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An excerpt from www.HouseOfNames.com archives copyright 2000 - 2017


The origins of the Cloak name lie with England's ancient Anglo-Saxon culture. It comes from when the family lived in a low-lying meadow. The name Cloak is derived from the Old English word cloh. It may also be derived from the Old French and Old English word cloke, which means cloak, and denotes someone who was a maker and seller of cloaks.

Cloak Early Origins



The surname Cloak was first found in Surrey where they held a family seat at Winchester where Robert Cloche was recorded in the year 1210. The Saxon influence of English history diminished after the Battle of Hastings in 1066. The language of the courts was French for the next three centuries and the Norman ambience prevailed.

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Cloak Spelling Variations


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Cloak Spelling Variations



Before the last few hundred years, the English language had no fast system of spelling rules. For that reason, spelling variations are commonly found in early Anglo-Saxon surnames. Over the years, many variations of the name Cloak were recorded, including Cloke, Cloak, Cloche, Cloake, Cloch, Clock and many more.

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Cloak Early History


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Cloak Early History



This web page shows only a small excerpt of our Cloak research. Another 143 words (10 lines of text) covering the years 1327, 1455, 1487, 1628, 1720, 1686 and 1720 are included under the topic Early Cloak History in all our PDF Extended History products and printed products wherever possible.

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Cloak Early Notables (pre 1700)


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Cloak Early Notables (pre 1700)



Another 18 words (1 lines of text) are included under the topic Early Cloak Notables in all our PDF Extended History products and printed products wherever possible.

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The Great Migration


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The Great Migration



To escape oppression and starvation at that time, many English families left for the "open frontiers" of the New World with all its perceived opportunities. In droves people migrated to the many British colonies, those in North America in particular, paying high rates for passages in cramped, unsafe ships. Although many of the settlers did not make the long passage alive, those who did see the shores of North America perceived great opportunities before them. Many of the families that came from England went on to make essential contributions to the emerging nations of Canada and the United States. Research into various historical records revealed some of first members of the Cloak family emigrate to North America:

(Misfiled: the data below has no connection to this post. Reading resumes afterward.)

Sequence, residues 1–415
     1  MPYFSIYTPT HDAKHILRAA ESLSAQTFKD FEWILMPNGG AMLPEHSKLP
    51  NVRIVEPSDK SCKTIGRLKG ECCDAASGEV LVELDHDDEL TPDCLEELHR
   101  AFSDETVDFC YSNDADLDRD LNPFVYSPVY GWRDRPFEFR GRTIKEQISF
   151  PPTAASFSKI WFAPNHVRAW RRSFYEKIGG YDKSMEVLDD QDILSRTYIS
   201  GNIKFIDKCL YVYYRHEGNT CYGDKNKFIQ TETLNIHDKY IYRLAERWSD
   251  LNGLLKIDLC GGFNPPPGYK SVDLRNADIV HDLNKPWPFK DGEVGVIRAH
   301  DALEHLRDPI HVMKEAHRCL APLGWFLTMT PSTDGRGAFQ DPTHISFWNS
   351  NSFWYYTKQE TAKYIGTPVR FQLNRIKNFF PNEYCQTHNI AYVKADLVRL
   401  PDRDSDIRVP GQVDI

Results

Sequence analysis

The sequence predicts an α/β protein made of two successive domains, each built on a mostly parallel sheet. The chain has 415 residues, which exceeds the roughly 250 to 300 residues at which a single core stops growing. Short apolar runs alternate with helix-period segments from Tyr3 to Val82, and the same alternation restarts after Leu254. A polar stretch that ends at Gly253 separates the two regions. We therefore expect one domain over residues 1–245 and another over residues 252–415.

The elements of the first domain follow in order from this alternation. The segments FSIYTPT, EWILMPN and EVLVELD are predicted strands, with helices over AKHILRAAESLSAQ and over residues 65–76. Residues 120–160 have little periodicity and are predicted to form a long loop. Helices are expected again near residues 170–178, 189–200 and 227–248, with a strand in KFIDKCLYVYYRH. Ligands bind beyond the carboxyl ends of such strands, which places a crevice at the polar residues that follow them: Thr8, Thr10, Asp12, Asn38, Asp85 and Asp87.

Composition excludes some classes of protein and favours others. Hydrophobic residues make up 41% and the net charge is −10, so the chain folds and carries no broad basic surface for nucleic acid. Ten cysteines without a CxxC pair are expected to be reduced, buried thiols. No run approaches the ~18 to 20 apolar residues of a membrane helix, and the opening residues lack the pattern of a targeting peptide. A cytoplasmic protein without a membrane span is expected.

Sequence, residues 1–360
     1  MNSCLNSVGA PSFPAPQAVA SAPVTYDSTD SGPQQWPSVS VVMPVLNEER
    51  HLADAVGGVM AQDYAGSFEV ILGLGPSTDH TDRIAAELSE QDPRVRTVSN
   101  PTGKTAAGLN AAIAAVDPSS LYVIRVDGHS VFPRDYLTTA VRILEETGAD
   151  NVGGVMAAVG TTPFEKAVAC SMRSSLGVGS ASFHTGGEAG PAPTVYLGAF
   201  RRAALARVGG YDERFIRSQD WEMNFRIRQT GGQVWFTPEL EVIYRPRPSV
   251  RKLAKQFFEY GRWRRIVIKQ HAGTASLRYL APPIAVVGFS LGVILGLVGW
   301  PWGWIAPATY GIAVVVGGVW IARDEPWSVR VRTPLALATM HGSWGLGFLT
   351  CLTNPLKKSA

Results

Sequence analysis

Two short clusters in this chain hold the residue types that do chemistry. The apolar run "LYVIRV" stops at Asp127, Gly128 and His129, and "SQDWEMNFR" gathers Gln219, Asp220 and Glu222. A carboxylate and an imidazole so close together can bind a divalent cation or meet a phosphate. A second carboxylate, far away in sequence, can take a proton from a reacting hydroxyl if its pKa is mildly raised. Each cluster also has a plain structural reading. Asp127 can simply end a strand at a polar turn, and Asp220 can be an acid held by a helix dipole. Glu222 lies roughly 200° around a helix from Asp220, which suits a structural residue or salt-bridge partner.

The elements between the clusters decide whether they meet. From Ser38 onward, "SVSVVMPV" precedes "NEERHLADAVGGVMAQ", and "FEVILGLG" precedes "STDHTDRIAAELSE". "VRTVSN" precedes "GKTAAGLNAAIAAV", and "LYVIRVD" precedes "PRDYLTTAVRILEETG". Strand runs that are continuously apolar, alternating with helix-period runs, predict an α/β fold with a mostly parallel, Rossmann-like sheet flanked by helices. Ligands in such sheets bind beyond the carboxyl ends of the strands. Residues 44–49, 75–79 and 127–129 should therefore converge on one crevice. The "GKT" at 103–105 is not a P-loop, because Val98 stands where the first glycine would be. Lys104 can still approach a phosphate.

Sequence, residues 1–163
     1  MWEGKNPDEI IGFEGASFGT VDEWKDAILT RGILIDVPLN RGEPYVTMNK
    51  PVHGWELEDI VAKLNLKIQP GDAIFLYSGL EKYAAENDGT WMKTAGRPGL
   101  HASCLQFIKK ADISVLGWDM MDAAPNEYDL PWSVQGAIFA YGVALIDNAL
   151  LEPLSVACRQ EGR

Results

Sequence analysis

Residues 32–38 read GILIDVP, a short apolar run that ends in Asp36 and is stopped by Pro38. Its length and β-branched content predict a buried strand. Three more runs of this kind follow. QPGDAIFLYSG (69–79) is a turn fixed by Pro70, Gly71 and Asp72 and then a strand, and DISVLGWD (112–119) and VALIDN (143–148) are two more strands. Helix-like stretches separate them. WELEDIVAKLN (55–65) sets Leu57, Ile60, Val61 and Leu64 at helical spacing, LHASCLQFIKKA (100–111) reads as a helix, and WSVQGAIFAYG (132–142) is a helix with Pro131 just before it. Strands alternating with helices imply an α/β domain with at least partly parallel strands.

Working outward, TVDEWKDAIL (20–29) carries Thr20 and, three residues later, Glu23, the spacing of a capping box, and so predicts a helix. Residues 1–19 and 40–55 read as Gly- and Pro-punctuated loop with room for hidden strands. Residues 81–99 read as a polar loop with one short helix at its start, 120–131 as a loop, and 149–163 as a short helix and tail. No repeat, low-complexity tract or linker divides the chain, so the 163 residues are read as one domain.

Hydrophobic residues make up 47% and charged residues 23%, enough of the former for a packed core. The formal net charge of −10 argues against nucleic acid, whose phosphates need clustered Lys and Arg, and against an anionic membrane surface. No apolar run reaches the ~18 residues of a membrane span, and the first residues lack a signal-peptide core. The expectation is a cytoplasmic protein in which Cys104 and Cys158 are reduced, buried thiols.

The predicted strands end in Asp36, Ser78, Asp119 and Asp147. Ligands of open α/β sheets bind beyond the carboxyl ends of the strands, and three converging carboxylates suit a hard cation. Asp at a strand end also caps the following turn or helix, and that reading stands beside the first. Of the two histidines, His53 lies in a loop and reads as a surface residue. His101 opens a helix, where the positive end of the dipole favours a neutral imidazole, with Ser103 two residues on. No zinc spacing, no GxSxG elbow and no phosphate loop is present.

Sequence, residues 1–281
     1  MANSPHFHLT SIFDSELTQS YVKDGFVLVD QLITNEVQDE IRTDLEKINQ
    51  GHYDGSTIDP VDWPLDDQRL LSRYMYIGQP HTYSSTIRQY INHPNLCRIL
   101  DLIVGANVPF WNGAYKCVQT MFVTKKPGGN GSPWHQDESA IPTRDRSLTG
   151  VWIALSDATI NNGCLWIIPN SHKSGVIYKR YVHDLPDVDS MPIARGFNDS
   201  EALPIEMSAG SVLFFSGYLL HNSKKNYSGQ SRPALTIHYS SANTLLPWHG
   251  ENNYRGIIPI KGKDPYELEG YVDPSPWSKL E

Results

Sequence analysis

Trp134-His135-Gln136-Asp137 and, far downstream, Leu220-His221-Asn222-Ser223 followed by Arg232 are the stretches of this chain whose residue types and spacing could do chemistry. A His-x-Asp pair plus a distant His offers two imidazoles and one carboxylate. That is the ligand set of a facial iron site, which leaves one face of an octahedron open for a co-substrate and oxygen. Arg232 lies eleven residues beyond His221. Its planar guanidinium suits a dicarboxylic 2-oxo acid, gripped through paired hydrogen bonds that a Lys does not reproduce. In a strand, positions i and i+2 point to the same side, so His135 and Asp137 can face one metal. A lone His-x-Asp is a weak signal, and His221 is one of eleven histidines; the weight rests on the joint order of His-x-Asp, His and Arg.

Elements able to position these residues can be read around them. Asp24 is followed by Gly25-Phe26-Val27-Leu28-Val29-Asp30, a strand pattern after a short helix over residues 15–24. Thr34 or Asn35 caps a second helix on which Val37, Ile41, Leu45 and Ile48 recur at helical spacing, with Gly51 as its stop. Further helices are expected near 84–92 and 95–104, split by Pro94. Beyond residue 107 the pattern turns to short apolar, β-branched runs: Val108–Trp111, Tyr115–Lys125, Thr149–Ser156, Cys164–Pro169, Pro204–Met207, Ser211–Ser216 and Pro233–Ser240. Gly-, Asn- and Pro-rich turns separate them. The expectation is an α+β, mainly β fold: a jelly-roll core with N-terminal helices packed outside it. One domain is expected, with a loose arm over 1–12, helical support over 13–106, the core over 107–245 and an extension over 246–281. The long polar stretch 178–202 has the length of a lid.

Cloak Settlers in United States in the 19th Century

  • Anne Cloak, aged 19, landed in New York in 1849

Cloak Settlers in Australia in the 19th Century

  • Ann Cloak arrived in Adelaide, Australia aboard the ship "Sir Charles Forbes" in 1849

Cloak Settlers in New Zealand in the 19th Century

  • William Henry Cloak, aged 13, arrived in Wellington, New Zealand aboard the ship "Berar" in 1875
  • Eliza Cloak, aged 18, a servant, arrived in Wellington, New Zealand aboard the ship "Berar" in 1875

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Cloak Family Crest Products


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Cloak Family Crest Products




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See Also


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See Also




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Citations


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Citations



    Other References

    1. Mills, A.D. Dictionary of English Place-Names. Oxford: Oxford University Press, 1991. Print. (ISBN 0-19-869156-4).
    2. Markale, J. Celtic Civilization. London: Gordon & Cremonesi, 1976. Print.
    3. Fairbairn. Fairbain's book of Crests of the Families of Great Britain and Ireland, 4th Edition 2 volumes in one. Baltimore: Heraldic Book Company, 1968. Print.
    4. Foster, Joseph. Dictionary of Heraldry Feudal Coats of Arms and Pedigrees. London: Bracken Books, 1989. Print. (ISBN 1-85170-309-8).
    5. Chadwick, Nora Kershaw and J.X.W.P Corcoran. The Celts. London: Penguin, 1790. Print. (ISBN 0140212116).
    6. Weis, Frederick Lewis, Walter Lee Sheppard and David Faris. Ancestral Roots of Sixty Colonists Who Came to New England Between 1623 and 1650 7th Edition. Baltimore: Genealogical Publishing, 1992. Print. (ISBN 0806313676).
    7. Burke, Sir Bernard. Genealogical and Heraldic History of the Peerage and Baronetage, The Privy Council, Knightage and Compainonage. London: Burke Publishing, 1921. Print.
    8. Williams, Dr Ann. And G.H. Martin, Eds. Domesday Book A Complete Translation. London: Penguin, 1992. Print. (ISBN 0-141-00523-8).
    9. Hinde, Thomas Ed. The Domesday Book England's Heritage Then and Now. Surrey: Colour Library Books, 1995. Print. (ISBN 1-85833-440-3).
    10. Lennard, Reginald. Rural England 1086-1135 A Study of Social and Agrarian Conditions. Oxford: Clarendon Press, 1959. Print.
    11. ...

    The Cloak Family Crest was acquired from the Houseofnames.com archives. The Cloak Family Crest was drawn according to heraldic standards based on published blazons. We generally include the oldest published family crest once associated with each surname.

    This page was last modified on 24 May 2014 at 15:07.

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